Drainage is extremely important regardless of what type of container or pot you choose. In order for excess water to drain properly, your container or pot must have drainage holes either in the bottom or along the sides about one inch up from the bottom.
Color also matters because darker colors will absorb heat and if the soil gets too hot, it can damage your plant’s root system. Clear containers should not be used because soil is dark and will draw heat as well. Lighter colors such as white, gray, or light blue work better.
The size of your container will depend on the type of plant you’re growing. For tomato plants, I use an 18-gallon plastic tote because it give the roots plenty of room to spread out plus, the extra surface space allows for planting companion plants. I steer away from containers or pots that are breakable. They may look pretty, but I’d rather not have to deal with a crack or a break halfway through the growing season.
When most people think about a vegetable garden, they picture a large plot of land filled with different vegetable plants. If you have a large space and enjoy working in the garden – you know, pulling weeds and keeping animals and other little destroyers away from your plants – then a traditional garden is a good choice. Okay, I’m not knocking traditional gardens, but they are a lot more work than container gardens. So, if you have a lot of time on your hands and you’re able to do all the chores it takes to create a garden that will thrive, then by all means get down and dirty in the soil!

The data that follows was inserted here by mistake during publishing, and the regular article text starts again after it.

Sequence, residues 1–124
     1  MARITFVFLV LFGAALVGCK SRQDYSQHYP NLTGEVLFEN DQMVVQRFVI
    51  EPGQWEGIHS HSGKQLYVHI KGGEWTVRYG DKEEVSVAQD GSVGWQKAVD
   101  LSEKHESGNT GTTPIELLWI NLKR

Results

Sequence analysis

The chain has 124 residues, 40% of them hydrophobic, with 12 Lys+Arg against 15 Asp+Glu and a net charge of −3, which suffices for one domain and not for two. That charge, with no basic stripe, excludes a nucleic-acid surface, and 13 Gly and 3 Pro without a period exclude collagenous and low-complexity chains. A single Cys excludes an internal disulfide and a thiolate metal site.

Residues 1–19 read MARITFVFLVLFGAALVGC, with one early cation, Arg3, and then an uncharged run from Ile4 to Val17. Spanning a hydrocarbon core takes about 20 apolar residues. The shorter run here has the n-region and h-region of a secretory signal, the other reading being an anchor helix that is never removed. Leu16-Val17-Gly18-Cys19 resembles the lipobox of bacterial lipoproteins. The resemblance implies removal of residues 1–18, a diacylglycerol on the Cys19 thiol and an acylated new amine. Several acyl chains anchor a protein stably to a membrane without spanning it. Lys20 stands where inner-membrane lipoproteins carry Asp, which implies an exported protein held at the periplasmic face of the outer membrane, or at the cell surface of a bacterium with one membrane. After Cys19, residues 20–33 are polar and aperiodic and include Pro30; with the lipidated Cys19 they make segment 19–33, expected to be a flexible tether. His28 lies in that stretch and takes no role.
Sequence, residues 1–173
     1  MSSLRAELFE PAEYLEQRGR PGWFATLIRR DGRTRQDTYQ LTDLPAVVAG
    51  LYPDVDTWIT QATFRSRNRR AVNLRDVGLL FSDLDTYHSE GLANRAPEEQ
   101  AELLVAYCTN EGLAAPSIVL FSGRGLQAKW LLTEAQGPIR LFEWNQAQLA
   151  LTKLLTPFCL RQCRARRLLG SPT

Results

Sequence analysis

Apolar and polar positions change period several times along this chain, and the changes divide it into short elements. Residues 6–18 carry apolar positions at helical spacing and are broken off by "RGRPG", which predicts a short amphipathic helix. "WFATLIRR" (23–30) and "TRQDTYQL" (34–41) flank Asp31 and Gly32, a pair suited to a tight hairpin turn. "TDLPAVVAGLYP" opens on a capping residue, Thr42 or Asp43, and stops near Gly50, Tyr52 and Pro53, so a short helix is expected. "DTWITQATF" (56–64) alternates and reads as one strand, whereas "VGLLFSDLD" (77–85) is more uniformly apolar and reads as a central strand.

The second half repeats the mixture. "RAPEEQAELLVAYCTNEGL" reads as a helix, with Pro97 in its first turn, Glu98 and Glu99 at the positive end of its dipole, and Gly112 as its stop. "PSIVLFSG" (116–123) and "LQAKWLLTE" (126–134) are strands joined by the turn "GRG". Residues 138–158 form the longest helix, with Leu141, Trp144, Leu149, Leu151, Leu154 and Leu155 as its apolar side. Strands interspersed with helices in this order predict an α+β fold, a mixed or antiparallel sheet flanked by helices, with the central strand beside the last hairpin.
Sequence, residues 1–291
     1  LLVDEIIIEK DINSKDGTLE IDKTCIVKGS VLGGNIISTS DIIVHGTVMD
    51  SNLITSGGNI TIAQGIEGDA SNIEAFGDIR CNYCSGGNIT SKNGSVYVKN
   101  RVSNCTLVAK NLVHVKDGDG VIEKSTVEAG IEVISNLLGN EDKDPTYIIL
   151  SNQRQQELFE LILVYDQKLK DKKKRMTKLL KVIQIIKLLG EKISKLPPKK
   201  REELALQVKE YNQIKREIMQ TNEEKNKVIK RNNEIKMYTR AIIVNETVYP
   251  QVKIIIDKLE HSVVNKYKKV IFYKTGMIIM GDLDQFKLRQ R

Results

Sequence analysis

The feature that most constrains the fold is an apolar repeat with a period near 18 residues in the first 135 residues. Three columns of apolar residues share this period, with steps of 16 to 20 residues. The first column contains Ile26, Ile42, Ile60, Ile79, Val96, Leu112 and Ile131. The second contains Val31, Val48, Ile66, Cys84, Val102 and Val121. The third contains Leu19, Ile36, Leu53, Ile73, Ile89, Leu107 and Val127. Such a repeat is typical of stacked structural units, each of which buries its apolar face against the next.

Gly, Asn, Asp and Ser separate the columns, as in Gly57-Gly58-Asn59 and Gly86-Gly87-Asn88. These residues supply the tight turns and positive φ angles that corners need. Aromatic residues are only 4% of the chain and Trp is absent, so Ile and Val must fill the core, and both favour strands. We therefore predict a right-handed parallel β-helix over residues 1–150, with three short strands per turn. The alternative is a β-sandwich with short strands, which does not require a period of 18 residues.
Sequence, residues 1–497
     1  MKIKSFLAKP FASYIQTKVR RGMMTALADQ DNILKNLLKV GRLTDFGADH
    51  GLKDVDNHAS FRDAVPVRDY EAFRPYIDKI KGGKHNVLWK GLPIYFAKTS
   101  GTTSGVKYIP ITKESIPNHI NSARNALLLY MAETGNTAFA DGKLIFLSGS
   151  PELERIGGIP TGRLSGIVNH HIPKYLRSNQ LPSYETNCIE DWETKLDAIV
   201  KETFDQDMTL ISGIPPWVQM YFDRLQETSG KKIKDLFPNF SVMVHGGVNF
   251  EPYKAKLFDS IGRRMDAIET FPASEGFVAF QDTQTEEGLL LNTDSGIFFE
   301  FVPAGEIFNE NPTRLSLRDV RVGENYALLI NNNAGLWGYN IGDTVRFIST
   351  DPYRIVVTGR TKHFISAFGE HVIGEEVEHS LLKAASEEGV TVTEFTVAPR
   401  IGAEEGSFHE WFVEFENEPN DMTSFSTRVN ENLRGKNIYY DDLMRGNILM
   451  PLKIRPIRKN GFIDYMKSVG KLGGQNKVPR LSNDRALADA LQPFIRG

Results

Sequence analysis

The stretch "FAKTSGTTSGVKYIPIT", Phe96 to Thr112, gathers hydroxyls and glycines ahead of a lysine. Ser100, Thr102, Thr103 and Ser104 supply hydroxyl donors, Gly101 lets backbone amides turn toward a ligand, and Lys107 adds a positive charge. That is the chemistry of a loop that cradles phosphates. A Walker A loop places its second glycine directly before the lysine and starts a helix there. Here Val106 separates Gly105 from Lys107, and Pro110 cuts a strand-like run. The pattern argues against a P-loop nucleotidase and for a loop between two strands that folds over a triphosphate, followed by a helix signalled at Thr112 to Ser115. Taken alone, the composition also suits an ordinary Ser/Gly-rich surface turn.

In my case, I had to come up with an alternative method to growing vegetables because my backyard – which is huge – is also full of rocks. My house is in a development that was built on the side of a mountain and not far beneath the soil lies rocks, rocks and more rocks.
One alternative for me was to build raised beds, which I actually tried at one time. I liked the raised beds for my strawberry patch, but that very first season I decided to grow my own vegetables, I went with the idea of container gardening instead. I was amazed at how many vegetables can actually be grown in containers, so I started out with three different varieties of tomato plants. One was a smaller variety that grew cherry tomatoes and the other two we larger varieties. All the plants did extremely well and the two larger ones grew to be huge and I ended up with more tomatoes than I could possibly eat!
The following year I did tomatoes, cucumbers, and peppers in containers. And again, I had a fantastic growing season that produced plenty of vegetables. The thing that really got me hooked on container gardening was that it is easy and I can grow the plants right on my back deck. All I have to do is step outside my kitchen door and onto the deck and I’m in my garden!
When I grow vegetables in containers, I don’t have to spend time weeding and there’s less chance of animals invading my plants. Of course, my yard is fenced in and I do have dogs, so that helps to keep out invading critters! But the point is, with container gardening people who have limited space, crummy soil, or aren’t able to tend a traditional garden can still grow their own vegetables.
If you’re thinking about growing vegetables but can’t or don’t want to grow them in a traditional garden, give container gardening a try. You’ll be happy you did!